Biographical Encyclopedia of Astronomers

2014 Edition
| Editors: Thomas Hockey, Virginia Trimble, Thomas R. Williams, Katherine Bracher, Richard A. Jarrell, Jordan D. MarchéII, JoAnn Palmeri, Daniel W. E. Green

Strömberg, Gustav

Reference work entry
DOI: https://doi.org/10.1007/978-1-4419-9917-7_1330

BornGothenburg, Sweden, 16 December 1882

DiedPasadena, California, USA, 30 January 1962

Gustav Strömberg was educated at Gothenburg, Kiel, Stockholm, and Lund universities. From 1906 to 1913, he was an assistant at the Stockholm Observatory. In 1917, he went to the United States and joined the staff of Mount Wilson Observatory.

Strömberg’s first important work was on the luminosity of the long-period variable stars. His work on the radial motions of stars and nebulae led to his striking discovery, announced in 1923, of the “asymmetry of stellar motions” explicable in the Lindblad-Oort theory of galactic rotation, enunciated soon afterward.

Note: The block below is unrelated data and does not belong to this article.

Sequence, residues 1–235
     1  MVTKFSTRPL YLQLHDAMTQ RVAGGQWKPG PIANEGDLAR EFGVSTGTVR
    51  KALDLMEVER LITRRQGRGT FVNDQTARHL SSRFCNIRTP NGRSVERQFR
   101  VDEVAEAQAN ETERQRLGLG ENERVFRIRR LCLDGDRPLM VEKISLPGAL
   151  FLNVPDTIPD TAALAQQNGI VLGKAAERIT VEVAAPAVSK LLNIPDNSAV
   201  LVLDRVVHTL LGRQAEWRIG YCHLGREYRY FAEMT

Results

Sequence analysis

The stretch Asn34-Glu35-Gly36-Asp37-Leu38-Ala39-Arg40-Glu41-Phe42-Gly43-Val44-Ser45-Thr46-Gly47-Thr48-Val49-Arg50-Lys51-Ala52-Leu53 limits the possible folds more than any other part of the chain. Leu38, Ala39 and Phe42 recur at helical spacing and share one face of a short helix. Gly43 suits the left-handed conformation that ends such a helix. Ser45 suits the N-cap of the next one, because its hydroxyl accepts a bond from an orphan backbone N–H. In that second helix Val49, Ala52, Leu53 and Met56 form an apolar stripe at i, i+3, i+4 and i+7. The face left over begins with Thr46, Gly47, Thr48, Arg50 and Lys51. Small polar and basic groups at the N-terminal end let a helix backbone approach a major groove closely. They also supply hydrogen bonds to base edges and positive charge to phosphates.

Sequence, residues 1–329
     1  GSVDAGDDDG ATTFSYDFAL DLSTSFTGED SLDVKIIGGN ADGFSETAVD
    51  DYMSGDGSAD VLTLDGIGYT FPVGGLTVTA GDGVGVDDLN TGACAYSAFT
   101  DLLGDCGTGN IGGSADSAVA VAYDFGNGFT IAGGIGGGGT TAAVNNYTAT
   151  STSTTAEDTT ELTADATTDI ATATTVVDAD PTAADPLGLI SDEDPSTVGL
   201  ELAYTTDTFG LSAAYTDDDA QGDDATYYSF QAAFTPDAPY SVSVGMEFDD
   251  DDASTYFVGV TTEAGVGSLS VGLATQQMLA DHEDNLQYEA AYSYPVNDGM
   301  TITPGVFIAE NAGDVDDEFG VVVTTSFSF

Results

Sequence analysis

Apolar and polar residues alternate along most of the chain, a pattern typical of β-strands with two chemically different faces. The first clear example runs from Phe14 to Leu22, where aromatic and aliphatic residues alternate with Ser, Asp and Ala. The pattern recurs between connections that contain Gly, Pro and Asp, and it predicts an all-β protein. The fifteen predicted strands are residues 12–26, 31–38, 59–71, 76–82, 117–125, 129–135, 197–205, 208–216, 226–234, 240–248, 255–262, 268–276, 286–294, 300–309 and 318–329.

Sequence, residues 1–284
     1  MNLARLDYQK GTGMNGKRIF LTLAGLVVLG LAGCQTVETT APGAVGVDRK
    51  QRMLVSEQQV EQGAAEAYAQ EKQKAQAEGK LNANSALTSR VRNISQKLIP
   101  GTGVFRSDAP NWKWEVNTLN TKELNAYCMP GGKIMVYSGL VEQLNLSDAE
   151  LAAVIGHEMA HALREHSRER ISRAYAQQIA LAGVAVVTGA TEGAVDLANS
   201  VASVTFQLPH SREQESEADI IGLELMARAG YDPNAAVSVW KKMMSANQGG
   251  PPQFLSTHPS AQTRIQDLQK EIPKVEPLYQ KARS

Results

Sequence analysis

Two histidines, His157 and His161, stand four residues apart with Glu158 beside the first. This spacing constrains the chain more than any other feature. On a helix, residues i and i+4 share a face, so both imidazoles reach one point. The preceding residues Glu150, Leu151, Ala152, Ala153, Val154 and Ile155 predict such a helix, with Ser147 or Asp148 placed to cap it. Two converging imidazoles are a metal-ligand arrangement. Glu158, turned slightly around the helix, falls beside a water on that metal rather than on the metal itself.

Strömberg also attempted to correlate radial velocities of nebulae, measured by  Vesto Slipher, with estimates of their distances, in about 1925. This was before  Edwin Hubble established the redshift-distance relation. Strömberg’s version included the possibility of negative velocities, so as to include the globular clusters.

Selected Reference

  1. Strömberg, Gustav (1946). “The Motions of the Stars Within 20 Parsecs of the Sun.” Astrophysical Journal. 104: 12.ADSCrossRefGoogle Scholar

Copyright information

© Springer Science+Business Media New York 2014

Authors and Affiliations

  1. 1.Department of Earth ScienceUniversity of Northern IowaCedar FallsUSA
  2. 2.EdinburghUK